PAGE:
Building progressive web online store
Building online store is challenging, especially nowadays when everyone uses a mobile device; and because I like challenges I tried to build super fast and easy to use online shop. Here is how I did:
I want the users to load the page as quick as possible, sending less code, in that case, is important, that is why I use Preact instead React and Unistore instead Redux. Meanwhile, Braintree client library is super expensive ~200kb. I am still considering using WebPayments API instead Braintree, but for now, just lazyload it in the background.
My library code is: Preact + Preact-i18n + Preact-Router + Unistore less than 10kb
For creating the project, I use preact-cli ( its similar to create-react-app but for Preact ) and code splitting is included in it, so splitting the code based on routes or components is straightforward.
I use Critical Webpack Plugin for critical CSS. The plugin can be integrated quite easy to webpack. It automatically inlines critical CSS and lazy load the rest.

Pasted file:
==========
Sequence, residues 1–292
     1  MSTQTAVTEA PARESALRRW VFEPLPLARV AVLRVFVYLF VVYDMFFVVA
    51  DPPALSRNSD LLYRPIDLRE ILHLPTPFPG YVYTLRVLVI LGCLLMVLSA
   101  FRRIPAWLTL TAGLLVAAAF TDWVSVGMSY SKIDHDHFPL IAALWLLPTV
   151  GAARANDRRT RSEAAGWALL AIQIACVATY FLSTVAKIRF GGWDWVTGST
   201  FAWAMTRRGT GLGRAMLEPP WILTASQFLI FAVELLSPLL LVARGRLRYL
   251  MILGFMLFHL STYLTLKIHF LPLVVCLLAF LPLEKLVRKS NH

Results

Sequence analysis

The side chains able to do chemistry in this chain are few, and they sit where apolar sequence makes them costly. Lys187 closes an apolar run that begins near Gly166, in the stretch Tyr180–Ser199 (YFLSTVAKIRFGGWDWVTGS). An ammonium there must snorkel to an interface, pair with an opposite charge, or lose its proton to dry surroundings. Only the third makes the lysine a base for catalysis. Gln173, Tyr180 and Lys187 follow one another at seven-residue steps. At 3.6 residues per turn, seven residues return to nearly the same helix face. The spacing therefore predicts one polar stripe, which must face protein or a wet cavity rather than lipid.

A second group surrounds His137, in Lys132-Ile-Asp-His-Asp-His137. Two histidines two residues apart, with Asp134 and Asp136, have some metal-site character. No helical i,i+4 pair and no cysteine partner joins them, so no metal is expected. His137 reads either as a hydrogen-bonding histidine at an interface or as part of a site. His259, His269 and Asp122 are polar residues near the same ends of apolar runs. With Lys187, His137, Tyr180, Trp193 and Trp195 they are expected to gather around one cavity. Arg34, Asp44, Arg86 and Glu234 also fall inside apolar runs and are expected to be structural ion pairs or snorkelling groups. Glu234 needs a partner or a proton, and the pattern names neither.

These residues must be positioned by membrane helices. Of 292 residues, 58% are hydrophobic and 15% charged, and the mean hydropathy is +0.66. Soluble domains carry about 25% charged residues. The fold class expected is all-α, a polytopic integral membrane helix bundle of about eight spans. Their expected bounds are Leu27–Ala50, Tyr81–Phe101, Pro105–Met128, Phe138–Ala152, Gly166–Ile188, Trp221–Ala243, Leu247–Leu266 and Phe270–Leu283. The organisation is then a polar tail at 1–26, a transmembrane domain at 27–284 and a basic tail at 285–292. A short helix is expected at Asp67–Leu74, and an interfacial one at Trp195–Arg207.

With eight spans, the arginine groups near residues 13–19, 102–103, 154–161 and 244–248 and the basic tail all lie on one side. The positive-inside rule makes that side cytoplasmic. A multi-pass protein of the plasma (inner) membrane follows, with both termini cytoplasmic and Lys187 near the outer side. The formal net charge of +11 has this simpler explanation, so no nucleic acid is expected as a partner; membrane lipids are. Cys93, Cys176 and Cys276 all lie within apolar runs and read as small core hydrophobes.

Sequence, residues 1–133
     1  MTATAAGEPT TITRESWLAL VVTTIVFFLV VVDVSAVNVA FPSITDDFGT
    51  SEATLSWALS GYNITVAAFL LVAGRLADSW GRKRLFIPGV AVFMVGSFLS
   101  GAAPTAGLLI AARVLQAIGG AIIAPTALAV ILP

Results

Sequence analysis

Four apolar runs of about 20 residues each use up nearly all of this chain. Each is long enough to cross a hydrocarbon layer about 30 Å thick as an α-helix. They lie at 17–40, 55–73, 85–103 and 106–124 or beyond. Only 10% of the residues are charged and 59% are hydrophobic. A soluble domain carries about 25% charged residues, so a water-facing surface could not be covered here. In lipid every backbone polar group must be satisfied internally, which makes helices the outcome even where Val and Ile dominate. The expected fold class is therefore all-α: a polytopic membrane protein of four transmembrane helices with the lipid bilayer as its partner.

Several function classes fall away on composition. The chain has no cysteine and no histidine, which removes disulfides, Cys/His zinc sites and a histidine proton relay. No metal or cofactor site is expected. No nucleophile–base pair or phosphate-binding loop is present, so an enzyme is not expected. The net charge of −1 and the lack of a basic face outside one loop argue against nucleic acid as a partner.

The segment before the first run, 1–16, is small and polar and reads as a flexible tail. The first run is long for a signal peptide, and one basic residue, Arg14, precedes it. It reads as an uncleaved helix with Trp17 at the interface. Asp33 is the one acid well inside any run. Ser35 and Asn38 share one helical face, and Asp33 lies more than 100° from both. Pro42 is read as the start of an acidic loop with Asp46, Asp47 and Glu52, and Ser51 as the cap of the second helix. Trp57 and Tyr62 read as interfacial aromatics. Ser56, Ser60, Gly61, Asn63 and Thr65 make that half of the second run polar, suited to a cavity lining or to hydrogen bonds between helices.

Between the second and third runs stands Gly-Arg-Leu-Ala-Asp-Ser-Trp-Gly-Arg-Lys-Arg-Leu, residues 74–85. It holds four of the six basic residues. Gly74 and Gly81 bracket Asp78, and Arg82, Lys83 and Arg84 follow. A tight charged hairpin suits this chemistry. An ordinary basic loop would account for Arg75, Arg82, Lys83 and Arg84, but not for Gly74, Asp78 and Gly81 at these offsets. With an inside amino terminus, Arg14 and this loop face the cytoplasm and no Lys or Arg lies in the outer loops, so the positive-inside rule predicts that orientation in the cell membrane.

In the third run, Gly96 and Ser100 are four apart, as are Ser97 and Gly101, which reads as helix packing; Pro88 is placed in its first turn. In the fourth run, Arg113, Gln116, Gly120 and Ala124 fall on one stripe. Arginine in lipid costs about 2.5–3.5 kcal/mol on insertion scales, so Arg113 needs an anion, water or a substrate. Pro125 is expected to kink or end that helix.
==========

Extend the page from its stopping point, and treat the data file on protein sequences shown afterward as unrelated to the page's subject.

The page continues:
Puppeteer — prerender home page
Preact CLI comes with prerender functionality; however, it doesn’t work with dynamic content. Recently, Chrome Team introduced headless Chrome which is like a browser without shell. On top of it, there is a project named Puppeteer ( nodejs API to handle chrome ). I run a script which opens the headless chrome, crawls the content and prepopulates the homepage ( only ) with products.
H2 + gzip
Firebase hosting supports a lot of cool stuff like H2 and gzip, so no additional work is required, just upload the static file. Bonus: all content is delivered by Google’s CDN
ServiceWorker and Caching
SW also comes with preact-cli, no need any additional configurations. For caching data I save all products in localStorage, so returned users don’t need to wait for HTTP response.
WebP has slightly better compression and respectively size than JPG, so I serve webp images when the browser supports them. Also, using picture tag with multiple sources for the different dimension.
Form autofill is a must for any online store, plus removing registration process should make checkout process faster. As I mentioned above, I am looking into WebPayments API as well.
Lighthouse score 84 is not so bad but still some work needs to be done.
I am quite happy with the fact that the website is working even on IE11 ( also tested on mobile Firefox, Samsung, Edge and Safari ) so I managed to execute the first and most essential element of PWA: Progressive
The code of the project can be found here, is far away from beautiful, but it is at least working.